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Pappy

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Get your grommets and replace both of them while there. Check your surfaces on the exhaust. Did you see evidence of water on the piston top? I don't see a photo or any mention of it. You are doing fine and well on your way to a successful service on this engine. Once you have your grommets in place take a razor blade and cut the tops off the grommets that stick above the casting. You will see what I am talking about.
 

CMOS

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Pappy said:
Get your grommets and replace both of them while there. Check your surfaces on the exhaust. Did you see evidence of water on the piston top? I don't see a photo or any mention of it. You are doing fine and well on your way to a successful service on this engine. Once you have your grommets in place take a razor blade and cut the tops off the grommets that stick above the casting. You will see what I am talking about.

[mention]Pappy[/mention]

Pappy, I do have the grommets already. I will work on those after I finish the Exhaust Cover inspection and gasket replacements.

What do you mean about the above comment in Red?

Thanks for your help.

CMOS
 

CMOS

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[mention]Pappy[/mention]

Exhaust covers off. Nothing striking that I can recognize. Pappy? Anything look out of ordinary?

Note where my thumb is pointing in the one pic. That's a small circulation hole that was plugged with some minerals/junk.

Right now I have the Outer and Inner cover plates soaking in gasoline so I can soften up the old gaskets for removal.

Lastly, I forgot to put some type of gasket sealant on the Head Gasket. Is that a requirement???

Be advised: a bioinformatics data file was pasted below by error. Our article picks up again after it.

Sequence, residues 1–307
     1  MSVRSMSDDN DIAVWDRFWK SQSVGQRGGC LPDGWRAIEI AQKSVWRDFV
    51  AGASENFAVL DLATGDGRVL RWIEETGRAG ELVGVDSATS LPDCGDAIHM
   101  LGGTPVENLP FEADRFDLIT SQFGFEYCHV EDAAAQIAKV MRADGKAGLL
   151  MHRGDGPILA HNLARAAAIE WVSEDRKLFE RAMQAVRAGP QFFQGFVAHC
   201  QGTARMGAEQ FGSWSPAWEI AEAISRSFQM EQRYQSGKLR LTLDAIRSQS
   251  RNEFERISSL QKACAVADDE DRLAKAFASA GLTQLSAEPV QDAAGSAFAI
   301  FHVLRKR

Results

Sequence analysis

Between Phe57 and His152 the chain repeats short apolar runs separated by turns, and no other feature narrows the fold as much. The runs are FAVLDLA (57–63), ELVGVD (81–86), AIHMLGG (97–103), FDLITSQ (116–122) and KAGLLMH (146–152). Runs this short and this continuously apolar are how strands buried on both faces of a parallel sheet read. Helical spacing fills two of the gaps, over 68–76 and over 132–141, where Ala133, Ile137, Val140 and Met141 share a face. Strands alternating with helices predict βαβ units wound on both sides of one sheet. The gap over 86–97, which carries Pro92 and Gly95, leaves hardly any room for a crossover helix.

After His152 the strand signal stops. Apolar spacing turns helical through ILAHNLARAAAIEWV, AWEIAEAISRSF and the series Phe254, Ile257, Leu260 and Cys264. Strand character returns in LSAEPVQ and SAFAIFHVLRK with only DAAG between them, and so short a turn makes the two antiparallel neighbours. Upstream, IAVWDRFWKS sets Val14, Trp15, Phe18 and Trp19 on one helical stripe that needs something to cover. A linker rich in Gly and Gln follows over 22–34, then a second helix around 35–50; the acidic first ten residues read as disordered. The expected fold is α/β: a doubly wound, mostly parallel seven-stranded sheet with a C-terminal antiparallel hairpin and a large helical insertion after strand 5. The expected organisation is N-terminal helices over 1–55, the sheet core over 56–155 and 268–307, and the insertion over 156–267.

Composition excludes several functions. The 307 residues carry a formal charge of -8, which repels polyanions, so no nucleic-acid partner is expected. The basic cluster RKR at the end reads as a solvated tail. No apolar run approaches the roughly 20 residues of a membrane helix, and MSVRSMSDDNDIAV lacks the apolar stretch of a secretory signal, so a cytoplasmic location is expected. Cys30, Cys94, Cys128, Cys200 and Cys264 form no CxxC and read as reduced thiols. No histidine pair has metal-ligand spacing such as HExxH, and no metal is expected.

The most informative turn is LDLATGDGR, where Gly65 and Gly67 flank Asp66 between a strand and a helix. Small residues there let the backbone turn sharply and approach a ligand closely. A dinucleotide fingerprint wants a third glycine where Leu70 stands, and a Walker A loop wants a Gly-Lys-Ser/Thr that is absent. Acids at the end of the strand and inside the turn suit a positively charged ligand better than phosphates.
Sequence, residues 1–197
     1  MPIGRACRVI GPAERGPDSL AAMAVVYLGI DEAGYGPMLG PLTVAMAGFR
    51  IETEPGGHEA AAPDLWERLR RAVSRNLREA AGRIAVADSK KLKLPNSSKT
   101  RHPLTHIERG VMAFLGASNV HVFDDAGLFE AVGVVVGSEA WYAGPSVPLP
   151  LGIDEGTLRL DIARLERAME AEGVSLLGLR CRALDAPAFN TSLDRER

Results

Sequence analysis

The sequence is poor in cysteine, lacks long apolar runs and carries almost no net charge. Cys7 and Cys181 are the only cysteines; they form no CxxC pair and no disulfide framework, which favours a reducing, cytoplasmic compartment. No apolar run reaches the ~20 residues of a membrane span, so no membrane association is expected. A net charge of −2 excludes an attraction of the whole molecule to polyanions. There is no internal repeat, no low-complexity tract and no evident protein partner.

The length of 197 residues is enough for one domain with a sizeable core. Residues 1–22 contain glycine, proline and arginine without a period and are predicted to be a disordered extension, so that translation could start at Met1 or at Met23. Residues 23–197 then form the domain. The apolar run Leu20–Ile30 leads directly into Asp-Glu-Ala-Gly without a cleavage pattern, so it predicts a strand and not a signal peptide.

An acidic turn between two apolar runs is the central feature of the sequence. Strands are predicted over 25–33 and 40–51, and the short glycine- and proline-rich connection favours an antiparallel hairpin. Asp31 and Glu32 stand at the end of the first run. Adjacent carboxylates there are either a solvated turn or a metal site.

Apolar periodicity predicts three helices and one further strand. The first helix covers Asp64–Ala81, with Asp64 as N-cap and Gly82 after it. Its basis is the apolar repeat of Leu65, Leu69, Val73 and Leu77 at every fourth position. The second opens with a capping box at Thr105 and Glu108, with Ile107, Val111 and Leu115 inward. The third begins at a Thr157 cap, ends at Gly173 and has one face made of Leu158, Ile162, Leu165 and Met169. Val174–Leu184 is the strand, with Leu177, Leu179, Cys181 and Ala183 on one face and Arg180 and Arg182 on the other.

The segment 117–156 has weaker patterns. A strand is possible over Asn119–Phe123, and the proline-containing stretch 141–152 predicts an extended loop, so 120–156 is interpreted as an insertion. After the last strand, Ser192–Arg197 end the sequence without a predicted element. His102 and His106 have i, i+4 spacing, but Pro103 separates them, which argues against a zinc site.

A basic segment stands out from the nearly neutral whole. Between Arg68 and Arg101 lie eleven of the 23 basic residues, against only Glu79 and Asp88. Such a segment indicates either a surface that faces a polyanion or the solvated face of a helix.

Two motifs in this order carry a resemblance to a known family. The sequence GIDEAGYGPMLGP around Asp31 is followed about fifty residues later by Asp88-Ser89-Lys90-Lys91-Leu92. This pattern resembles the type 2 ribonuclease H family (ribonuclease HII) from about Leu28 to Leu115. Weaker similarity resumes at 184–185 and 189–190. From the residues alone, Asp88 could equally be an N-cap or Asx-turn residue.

CMOS
 

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Pappy

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If the head gasket was a "shiny" one then nothing is needed. Usually those had a clear plastic coating you had to peel off but not always.
If it was plain and porous then yes, OMC Gasket Sealer is recommended.
 

CMOS

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Pappy said:
If the head gasket was a "shiny" one then nothing is needed. Usually those had a clear plastic coating you had to peel off but not always.
If it was plain and porous then yes, OMC Gasket Sealer is recommended.


It was OMC, with the metal inserts....

Any comments on the pics above? Normal?

CMOS
 

Pappy

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I do not see anything unusual from this end.
Change all your fuel lines while you have the powerhead off. Lots easier. Also change the overboard indicator line as that can be a bit of a pain when the powerhead is in place.
Good time to lift the lower pan off and do a good deep cleaning of the pan and mid-section.
Lube the shift linkage while the powerhead is off. Carb job if needed as well.
 

CMOS

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Pappy said:
I do not see anything unusual from this end.
Change all your fuel lines while you have the powerhead off. Lots easier. Also change the overboard indicator line as that can be a bit of a pain when the powerhead is in place.
Good time to lift the lower pan off and do a good deep cleaning of the pan and mid-section.
Lube the shift linkage while the powerhead is off. Carb job if needed as well.

The carb was previously done (full kit) by me but since it has been sitting for many months, I do plan to pull the carb and clean all the jets and various channels again. Probably gummed up a bit after sitting so long That carb is pretty easy to do (and that says a lot since I'm a general noob).

Thanks for your suggestions. Today I will pull the Exhaust Tube and those 2 water tubes.

CMOS